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George Van Haltren

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George Edward Martin Van Haltren
(Rip)

  • Bats Left, Throws Left
  • Height 5' 11", Weight 170 lb.

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[edit] Biographical Information

Van Haltren in 1904.
"One of the greatest batsmen . . . that ever lived . . ." - Alfred Spink

George Van Haltren is one of the greatest of the non-Hall of Famers, with 2532 lifetime major league hits and 1639 runs scored. He and Jimmy Ryan are the only players with 1600 runs scored who are not in the Hall of Fame (other than Pete Rose, who is a special case).

In addition to his hitting, Van Haltren also pitched, with a major league record of 40-31. He was in the top ten in Adjusted ERA in 1887. He also managed very briefly in the majors in 1892.

He was primarily a center fielder, appearing in 1827 games at the position. He was a prodigious base stealer, ranking # 20 on the all-time list. He also ranks in the top 100 of all time for singles, triples, batting average, runs scored, hits, and times on base.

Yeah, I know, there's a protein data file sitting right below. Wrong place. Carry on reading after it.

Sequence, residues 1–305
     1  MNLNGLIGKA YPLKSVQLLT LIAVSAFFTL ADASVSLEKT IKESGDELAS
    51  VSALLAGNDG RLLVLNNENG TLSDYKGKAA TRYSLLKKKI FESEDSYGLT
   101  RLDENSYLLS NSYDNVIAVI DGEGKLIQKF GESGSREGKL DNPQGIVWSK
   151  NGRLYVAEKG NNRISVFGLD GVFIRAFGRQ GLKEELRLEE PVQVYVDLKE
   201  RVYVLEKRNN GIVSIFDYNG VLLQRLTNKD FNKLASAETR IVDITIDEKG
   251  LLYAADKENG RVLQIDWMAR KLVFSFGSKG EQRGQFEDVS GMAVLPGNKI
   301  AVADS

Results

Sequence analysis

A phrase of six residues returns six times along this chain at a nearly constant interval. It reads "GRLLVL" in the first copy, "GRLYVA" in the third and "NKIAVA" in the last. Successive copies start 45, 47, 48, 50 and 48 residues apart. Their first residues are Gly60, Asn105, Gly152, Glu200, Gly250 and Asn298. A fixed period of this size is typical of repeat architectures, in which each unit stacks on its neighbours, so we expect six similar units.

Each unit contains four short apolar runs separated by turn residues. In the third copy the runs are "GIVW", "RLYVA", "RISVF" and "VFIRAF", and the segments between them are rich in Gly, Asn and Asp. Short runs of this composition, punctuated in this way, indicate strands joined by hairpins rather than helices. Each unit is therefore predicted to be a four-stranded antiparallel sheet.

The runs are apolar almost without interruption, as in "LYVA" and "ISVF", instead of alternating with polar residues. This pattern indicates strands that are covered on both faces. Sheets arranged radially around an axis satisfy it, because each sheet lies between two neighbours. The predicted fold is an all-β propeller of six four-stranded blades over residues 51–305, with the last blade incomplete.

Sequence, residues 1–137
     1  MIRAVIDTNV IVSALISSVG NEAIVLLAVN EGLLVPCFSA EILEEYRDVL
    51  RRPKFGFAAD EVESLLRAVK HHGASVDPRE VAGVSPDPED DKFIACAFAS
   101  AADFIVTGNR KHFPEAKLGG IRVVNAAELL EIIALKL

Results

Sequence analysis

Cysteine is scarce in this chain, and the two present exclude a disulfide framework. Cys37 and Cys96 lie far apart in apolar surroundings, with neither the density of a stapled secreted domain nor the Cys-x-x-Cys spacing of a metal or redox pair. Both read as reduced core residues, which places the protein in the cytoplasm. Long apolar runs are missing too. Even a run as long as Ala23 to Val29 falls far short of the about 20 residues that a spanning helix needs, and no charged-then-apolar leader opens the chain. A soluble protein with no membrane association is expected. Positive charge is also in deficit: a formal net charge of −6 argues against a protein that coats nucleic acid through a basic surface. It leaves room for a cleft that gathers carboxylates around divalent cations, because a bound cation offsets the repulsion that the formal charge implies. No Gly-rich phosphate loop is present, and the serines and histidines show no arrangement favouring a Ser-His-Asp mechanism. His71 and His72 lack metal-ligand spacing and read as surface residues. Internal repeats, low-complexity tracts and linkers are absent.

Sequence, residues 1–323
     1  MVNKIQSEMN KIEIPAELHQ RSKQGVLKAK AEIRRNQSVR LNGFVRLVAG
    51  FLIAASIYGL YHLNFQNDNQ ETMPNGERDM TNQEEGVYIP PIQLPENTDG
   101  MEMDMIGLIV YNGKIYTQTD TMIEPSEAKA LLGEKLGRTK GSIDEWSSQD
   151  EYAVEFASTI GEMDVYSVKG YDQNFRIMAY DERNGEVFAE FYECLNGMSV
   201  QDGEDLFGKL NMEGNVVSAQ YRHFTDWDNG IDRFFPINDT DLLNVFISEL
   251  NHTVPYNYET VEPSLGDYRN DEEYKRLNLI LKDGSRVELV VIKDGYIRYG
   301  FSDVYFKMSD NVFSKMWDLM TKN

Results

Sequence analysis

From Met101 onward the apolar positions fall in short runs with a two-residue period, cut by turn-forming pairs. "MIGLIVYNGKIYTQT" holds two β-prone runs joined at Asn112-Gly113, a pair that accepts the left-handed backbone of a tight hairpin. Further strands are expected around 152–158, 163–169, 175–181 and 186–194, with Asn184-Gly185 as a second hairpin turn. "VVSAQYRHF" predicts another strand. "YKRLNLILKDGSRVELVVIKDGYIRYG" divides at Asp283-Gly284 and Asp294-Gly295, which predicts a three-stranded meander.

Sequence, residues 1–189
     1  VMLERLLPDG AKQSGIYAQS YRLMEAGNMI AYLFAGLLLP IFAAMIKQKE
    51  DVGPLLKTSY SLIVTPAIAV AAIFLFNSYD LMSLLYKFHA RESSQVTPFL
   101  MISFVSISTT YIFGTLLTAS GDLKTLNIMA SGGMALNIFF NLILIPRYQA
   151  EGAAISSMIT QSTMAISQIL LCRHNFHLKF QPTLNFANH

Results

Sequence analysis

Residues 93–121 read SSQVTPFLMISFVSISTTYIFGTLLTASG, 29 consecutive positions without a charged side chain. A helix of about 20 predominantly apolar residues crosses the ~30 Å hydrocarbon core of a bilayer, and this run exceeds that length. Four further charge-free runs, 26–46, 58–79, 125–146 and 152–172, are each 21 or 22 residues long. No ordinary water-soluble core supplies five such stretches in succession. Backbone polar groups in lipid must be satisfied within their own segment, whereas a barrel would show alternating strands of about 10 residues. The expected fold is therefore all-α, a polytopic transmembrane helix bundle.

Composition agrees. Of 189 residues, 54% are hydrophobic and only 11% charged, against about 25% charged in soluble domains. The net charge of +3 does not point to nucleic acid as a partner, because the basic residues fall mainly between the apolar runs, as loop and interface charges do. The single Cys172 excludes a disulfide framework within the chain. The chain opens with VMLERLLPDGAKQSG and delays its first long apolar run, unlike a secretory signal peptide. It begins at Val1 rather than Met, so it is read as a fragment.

When he was managed in 1901 by George Davis, and in 1903 by John McGraw, he was much older than either of them.

Van Haltren moved to California as a child and got his start in professional baseball pitching for Oakland. Here is a photo of Van Haltren with the Oakland team in 1886. Prior to that he had played for a sort of semi-pro team that played a couple times a week.

A broken ankle led to the end of his major league career.

After his major league days, he played and managed in the Pacific Coast League (mostly with Oakland) through 1909. He also was head coach of the University of California in 1900. After retiring, Van Haltren umpired in the PCL in 1909, scouted for the Pittsburgh Pirates in 1910-1911, and umped in the Northwestern League in 1912.

Based on similarity scores, the most similar position player is Hall of Famer Fred Clarke, and eight of the ten most similar players are in the Hall of Fame. One of the exceptions is Kenny Lofton, who is still eligible and thus may get in. The other is Jimmy Ryan, who also has over 1600 runs scored and thus might eventually be let in by the Veterans Committee.

In terms of pitching, one of the most similar players is Johnny Broaca, the New York Yankees pitcher from the days of Lou Gehrig who had some good seasons. Van Haltren's record was 40-31 with a 4.05 ERA while Broaca's was 40-29 with a 4.08 ERA.

[edit] Notable Achievements

  • NL At Bats Leader (1898)
  • NL Triples Leader (1896)
  • NL Stolen Bases Leader (1900)
  • NL Saves Leader (1887)
  • 100 Runs Scored Seasons: 11 (1889 & 1891-1900)
  • 100 RBI Seasons: 2 (1894 & 1895)
  • 200 Hits Seasons: 1 (1898)
  • 50 Stolen Bases Seasons: 3 (1891, 1892 & 1897)
  • 200 Innings Pitched Seasons: 2 (1888 & 1890)

[edit] Records Held

  • Bases on balls allowed, game, 16, June 27, 1887 (tied)

[edit] Related Sites

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